Since the departure of the Cavalera brothers (Max in 1996, Igor in 2006), the only thing todays’ SEPULTURA receive is strict criticism for everything they’ve ever done. For not being “true” to the Sepultura sound of the 80s, for Derrick Green being too modern for the old school thrashers. In addition to all of the above, the long-lived real-life soap opera called “The Sepultura reunion”. Which is why SEPULTURA‘s stance towards this, is highly admirable: turning their backs on the quick buck, and doing what’s right for the band, wasn’t the easiest task possible, but they made it. And to their credit, “A-Lex”, “Kairos” and “The Mediator Between The Head And Hands Must Be The Heart” turned out to be very good. But let’s see what “Machine Messiah” has in store!
Opening with the title track: an acoustic intro and beautiful leads that bring the “Beneath The Remains” intro to mind, before the distorted guitars kick in along with the vocals. First surprise of the album, Derrick Green is actually singing, reminding us of Robb Flynn’s melodic singing in Machine Head. A special case of the masters being influenced by their apprentices. Andreas Kisser is in a great shape and it shows in this heavy-as-hell opener, let alone the rhythm section of Paulo Jr. and Eloy Casagrande. “I Am The Enemy” is a full-speed ahead modern thrasher, taken directly from the fastest moments of “Chaos AD”, that will surely be loved in the mosh-pits in future live shows. It’s been a while since we last heard those famous ethnic elements in SEPULTURA‘s music right? Here comes “Phantom Self” beginning with traditional Brazilian instruments, including the very discrete use of keyboards all over the song, giving it the proper sort of industrial one could say atmosphere, without overloading the song.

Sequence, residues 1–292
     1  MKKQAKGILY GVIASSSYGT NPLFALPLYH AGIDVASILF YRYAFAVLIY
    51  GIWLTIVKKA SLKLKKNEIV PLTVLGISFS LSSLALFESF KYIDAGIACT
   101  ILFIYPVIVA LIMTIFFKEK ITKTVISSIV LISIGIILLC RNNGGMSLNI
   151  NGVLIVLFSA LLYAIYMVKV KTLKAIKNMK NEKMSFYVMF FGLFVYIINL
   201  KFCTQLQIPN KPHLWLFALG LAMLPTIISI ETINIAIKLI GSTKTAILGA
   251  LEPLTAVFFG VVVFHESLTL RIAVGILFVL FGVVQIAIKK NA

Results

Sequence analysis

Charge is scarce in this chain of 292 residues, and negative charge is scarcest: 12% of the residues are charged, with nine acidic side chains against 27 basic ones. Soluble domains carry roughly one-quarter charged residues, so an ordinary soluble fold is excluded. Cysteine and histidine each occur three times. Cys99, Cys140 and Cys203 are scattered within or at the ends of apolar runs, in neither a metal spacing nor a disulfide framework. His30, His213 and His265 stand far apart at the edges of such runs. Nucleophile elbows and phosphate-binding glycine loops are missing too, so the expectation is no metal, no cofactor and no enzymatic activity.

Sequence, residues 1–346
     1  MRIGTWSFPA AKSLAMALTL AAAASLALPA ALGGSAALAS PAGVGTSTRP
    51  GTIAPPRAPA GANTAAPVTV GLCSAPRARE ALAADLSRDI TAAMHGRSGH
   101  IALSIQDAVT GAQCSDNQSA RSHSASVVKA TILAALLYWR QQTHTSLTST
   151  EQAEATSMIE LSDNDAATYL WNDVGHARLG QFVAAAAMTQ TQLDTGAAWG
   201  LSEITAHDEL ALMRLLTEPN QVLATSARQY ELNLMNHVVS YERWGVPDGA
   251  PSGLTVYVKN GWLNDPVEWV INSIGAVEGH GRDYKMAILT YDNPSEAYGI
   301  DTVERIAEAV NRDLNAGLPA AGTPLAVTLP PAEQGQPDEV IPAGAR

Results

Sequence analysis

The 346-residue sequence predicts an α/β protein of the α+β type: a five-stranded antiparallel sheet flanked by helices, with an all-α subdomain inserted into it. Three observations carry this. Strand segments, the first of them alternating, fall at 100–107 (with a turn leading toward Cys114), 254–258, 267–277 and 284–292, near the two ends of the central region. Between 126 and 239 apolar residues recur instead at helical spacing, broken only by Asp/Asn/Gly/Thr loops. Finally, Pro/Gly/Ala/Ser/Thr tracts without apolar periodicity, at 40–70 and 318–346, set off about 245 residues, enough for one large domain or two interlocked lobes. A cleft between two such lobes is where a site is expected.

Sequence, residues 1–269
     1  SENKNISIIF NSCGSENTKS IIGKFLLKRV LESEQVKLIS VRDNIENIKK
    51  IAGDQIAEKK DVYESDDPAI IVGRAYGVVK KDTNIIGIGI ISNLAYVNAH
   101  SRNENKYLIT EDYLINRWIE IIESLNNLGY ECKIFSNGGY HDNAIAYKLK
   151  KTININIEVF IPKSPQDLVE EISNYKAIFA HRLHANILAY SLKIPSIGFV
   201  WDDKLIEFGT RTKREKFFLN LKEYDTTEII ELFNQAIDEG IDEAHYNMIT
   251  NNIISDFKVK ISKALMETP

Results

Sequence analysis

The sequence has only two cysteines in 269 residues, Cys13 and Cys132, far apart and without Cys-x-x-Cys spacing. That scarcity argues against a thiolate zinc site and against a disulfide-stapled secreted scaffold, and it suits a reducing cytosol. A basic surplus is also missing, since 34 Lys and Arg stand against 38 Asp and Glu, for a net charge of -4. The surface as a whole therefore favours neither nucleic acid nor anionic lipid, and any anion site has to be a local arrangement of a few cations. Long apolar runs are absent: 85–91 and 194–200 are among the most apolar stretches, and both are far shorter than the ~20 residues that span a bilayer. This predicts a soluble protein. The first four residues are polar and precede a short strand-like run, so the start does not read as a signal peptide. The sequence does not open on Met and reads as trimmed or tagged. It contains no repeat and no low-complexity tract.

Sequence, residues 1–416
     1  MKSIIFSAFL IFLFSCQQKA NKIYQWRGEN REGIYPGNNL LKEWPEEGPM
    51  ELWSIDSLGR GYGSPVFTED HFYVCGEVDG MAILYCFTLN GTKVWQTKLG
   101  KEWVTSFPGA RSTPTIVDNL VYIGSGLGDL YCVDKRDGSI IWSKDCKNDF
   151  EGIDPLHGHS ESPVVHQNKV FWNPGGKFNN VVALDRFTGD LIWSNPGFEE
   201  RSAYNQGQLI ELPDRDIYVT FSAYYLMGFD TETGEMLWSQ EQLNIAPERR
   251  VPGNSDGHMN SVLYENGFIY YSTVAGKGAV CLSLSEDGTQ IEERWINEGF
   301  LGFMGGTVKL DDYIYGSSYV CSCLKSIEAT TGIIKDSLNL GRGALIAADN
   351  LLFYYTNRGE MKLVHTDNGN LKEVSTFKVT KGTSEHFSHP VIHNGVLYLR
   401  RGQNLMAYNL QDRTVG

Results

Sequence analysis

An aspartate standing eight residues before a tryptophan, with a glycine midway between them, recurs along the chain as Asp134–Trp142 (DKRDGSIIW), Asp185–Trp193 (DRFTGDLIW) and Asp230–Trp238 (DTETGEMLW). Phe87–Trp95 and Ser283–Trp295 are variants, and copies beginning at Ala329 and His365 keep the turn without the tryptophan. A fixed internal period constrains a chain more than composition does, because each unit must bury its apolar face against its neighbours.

“Machine Messiah” is the most diverse and mature SEPULTURA has ever sounded in the Derrick Green era.”
“Alethea” begins with Casagrande showing his high technique and the band turning it into another mid-tempo headbanger, with some of the most intelligents grooves SEPULTURA has come up in years. And it’s time for the MINDBLOWING instrumental: “Iceberg Dances”. From the trademark SEPULTURA groove and Kisser’s lead work, to the acoustic guitar soloing, to the use of hammond keyboards, to the progressive parts where the bands’ tightness shines through, it’s simply a magnificent piece of music, showing the musical maturity of SEPULTURA. The eerie guitar intro of “Sworn Oath” builds slowly with the drums, turning into another darkened song, again with the use of keyboards, in a mid-tempo crusher and the longest song on the album, with a killer acoustic break in the middle, where the orchestral parts truly shine, giving the song a cinematic feeling, without taking away the aggression for one second.
Paulo’s bass gets room to breathe, on the bass-driven “Resistant Parasites” with its stop-and-go kind of guitars, and the trademark SEPULTURA groove we love to destroy our necks to. Time to open this pit up with “Silent Violence” and “Vandals Nest”, two modern era thrashers with groovy choruses, bringing images of windmill headbanging to mind, with the later being the most punk-oriented. “Cyber God” follows with its middle eastern riffage and the spoken part of Derrick Greem (one of the albums’ highlights), and a groovy chorus that brings a bit of Machine Head to mind, without the trademark Sepultura character gone, ending with Kisser shredding out the record.
“Machine Messiah” is the most diverse and mature SEPULTURA has ever sounded in the Derrick Green era. Period. Don’t walk, RUN, and buy it.